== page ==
Social Deviance

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The study of Social Deviance is the study of the violation of cultural norms in either formal (criminal) or informal (deviant) contexts.

Social deviance is a phenomenon that has existed in all societies where there have been norms. There are two possibilities for how an individual will act in the face of social norms; conform or violate. There are implicit social norms and explicit social norms. Explicit social norms are not necessarily laws (such as a sign at a computer lab that says food and drink are prohibited). In reality, there is often a blend of conformity and deviance in the ways people behave. Rarely if ever does a person deviate from or conform to all norms. Furthermore, some behaviors in themselves reflect both conformity and deviance at once. Consider breaking the speed limit, which is technically a legal violation, but which is also conformist, particularly on freeways where motorists "go with the flow." That is a critical feature of deviance, conformity, and norms. Relativity abounds. That is, norms can change over time (e.g. women in the paid labor force), depend on situational context (e.g. laughing at a party as opposed to doing so at a funeral), depend on statuses (e.g. an adolescent blowing up neighbors' mailboxes as opposed to an elderly woman doing so), and any number of other factors. But it's not all relative. There are forms of deviance (and certain norms) that are about as universal as anything in the social sciences can be, such as when one maliciously harms a child. In light of the way we think about norms, deviance, and conformity, many thinkers throughout history have tried to explain the causes behind deviance.

A Word About Theories

Social science theories are just what they they are: theories. The philosophers who have come up with these theories believe in them because they have made a set of the assumptions by their observations and they have made conclusions based on these assumptions. However, as the reality of the world is open to interpretation, each theory describes the world in its own unique way. No theories are wrong if they are supportable by facts and observations. These theories you will learn are just ways that thinkers have used to describe the world around them. Just remember that you do not have to agree with a particular theory, but you must be able to understand all theories in order to make a conclusion about the world in which you live.

The best way to understand a particular ideology is to think as a philosopher would think. How would believers of a particular theory present a solution to a particular problem? Thinkers in different schools of thought will come up with different answers because of the differences in their assumptions. Make sure you understand how different theorists think.

Most importantly, understand that these theories are constantly being altered, borrowed from, and in some of the cases, discredited completely. Theories are not rules to the world but rather ways to look at the world. A person can look at the world in different perspectives and can combine different assumptions of theories to describe it. No matter how different theories can be, they can almost always be combined because they are almost never mutually exclusive.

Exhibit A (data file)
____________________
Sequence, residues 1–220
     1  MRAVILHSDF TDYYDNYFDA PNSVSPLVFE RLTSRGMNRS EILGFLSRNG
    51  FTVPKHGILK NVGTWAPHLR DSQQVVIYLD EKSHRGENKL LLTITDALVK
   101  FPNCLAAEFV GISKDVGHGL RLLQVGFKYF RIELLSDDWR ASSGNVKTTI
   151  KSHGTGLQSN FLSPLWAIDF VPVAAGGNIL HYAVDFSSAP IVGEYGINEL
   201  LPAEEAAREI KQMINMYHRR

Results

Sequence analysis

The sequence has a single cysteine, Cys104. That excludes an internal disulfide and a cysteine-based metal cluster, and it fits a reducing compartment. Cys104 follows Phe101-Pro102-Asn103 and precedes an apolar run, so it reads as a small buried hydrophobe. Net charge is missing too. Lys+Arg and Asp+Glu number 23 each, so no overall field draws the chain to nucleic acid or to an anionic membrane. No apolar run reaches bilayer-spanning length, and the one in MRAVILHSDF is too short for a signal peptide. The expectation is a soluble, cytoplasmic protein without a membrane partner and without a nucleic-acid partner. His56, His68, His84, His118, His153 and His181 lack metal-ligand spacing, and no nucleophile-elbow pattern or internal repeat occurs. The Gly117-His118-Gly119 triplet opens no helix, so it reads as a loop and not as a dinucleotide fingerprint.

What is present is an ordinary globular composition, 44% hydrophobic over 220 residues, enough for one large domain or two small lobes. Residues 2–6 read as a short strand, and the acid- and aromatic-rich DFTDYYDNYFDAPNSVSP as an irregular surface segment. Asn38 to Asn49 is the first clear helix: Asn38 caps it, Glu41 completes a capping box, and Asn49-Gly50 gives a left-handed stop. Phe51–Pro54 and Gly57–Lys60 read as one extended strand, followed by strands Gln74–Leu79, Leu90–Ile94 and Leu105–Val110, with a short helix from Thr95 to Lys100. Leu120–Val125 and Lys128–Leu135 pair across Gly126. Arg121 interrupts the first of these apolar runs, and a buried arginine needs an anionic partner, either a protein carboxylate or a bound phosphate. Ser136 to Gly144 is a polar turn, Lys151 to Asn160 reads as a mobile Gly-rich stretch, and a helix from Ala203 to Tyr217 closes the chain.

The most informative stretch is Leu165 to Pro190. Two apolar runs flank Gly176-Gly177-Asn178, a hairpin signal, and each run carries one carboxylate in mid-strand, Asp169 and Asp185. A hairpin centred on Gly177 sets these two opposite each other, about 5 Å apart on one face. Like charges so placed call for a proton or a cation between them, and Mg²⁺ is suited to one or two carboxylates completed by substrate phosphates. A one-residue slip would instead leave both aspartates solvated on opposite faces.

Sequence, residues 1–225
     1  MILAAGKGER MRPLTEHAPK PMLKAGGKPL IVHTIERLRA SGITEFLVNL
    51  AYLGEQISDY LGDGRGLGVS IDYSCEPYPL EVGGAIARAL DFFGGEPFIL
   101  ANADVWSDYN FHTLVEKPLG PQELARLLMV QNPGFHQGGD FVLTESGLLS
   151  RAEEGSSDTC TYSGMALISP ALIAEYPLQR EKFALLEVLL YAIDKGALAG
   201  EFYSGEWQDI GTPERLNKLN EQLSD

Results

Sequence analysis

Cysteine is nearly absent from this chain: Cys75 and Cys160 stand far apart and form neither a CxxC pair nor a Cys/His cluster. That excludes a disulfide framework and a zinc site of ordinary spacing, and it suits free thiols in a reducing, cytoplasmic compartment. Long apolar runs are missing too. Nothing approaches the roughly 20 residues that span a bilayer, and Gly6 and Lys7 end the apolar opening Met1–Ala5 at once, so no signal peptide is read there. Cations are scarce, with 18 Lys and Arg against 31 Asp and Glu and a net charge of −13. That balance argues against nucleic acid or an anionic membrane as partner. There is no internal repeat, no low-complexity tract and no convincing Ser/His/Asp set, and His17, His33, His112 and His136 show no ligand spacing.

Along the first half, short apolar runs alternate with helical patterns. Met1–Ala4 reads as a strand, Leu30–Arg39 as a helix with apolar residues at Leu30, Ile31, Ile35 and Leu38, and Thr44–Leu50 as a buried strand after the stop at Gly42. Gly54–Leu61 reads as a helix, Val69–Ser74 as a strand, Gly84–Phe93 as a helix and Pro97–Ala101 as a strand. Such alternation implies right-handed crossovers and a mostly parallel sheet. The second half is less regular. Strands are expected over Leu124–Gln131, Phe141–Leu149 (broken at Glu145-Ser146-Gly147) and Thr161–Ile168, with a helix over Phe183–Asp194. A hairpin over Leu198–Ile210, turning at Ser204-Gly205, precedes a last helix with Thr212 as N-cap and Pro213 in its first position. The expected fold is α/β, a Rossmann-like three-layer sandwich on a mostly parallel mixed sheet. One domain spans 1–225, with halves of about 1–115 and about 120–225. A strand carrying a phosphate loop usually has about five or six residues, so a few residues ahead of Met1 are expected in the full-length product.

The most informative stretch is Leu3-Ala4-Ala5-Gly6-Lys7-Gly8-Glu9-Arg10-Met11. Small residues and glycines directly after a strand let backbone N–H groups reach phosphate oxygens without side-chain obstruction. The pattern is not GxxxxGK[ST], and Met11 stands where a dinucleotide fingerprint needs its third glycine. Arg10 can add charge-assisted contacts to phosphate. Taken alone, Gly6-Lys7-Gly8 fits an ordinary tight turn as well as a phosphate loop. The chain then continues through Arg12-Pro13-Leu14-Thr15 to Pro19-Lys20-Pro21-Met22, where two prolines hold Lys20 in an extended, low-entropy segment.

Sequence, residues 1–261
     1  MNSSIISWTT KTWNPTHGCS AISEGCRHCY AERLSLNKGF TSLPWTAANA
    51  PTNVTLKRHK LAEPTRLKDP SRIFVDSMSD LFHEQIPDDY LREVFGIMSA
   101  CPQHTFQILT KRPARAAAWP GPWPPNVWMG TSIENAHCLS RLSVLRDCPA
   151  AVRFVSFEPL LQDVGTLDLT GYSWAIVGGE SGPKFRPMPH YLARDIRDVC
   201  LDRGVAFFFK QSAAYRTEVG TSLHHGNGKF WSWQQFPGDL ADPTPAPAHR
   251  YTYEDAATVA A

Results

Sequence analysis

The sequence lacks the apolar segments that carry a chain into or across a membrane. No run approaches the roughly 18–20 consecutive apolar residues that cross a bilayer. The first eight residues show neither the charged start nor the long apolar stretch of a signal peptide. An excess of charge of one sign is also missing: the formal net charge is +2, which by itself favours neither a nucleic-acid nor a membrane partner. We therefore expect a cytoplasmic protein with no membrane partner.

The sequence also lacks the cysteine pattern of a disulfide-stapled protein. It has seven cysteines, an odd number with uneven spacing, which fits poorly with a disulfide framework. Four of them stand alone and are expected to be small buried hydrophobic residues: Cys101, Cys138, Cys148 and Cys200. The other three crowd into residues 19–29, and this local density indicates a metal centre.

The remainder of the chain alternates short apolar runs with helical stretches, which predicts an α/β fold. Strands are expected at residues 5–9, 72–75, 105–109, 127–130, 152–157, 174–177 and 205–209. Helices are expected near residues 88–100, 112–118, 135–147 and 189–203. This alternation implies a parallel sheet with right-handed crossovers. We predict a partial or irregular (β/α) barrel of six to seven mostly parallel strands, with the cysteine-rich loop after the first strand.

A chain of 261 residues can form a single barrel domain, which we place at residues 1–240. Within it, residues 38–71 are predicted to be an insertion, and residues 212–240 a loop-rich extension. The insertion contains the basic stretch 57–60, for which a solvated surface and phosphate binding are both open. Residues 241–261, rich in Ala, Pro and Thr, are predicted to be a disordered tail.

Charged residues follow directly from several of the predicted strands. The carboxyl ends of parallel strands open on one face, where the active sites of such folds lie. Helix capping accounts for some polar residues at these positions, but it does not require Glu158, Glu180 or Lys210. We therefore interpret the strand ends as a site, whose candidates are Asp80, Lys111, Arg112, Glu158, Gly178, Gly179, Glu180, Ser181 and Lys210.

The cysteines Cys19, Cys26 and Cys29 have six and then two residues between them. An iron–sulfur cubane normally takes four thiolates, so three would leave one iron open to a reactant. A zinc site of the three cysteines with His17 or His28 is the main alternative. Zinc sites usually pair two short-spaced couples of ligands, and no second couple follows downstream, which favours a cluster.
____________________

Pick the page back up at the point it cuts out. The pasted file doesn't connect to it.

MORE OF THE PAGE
1. What Is Crime And Deviance?: Before we can understand what crime and deviance are, it is necessary to know that crime and deviance are changeable in nature. John Hagan in his book Crime And Disrepute states two theories of describing crime before presenting the most commonly used approach.
  2. Early Theories: Before the three classical branches of the sociological approach to deviance, there were early theories in criminology that attempted to define and explain crime in the context of the individual (instead of in the context of the individual as a part of the whole of society). These early theories helped to pave the way for modern sociological explanations of deviance.
  3. Structural-Functionalism: The structural-functionalist school of sociology is concerned with macro-level explanations. Therefore, this school is interested primarily in how norms and institutions fit in the study of deviance.
  4. Symbolic Interactionism: The symbolic interactionist school of sociology came up as a counterpoint to the structural-functionalist view. This school is interested primarily in individual-to-individual interactions by way of communication through symbols (the symbolic, subjective definitions of objects and ideas in the world; definitions that may hold different meanings for different individuals).
  5. Power Conflict Theories: Sociologists and philosophers who take on the power-conflict perspective believe that structural-functionalists and symbolic interactionists do not adequately take into account the use (or abuse) of power within societies. Many thinkers of this school tend to base their explanations of crime from the division of classes and the unequal distribution of power among different groups within the context of the larger group of the society.
  6. Social Control: Social control refers to the various means used by a society to bring its members back into line with cultural norms.


  • Hagan, John. Crime And Disrepute. Thousand Oaks: Pine Forge Press, 1994.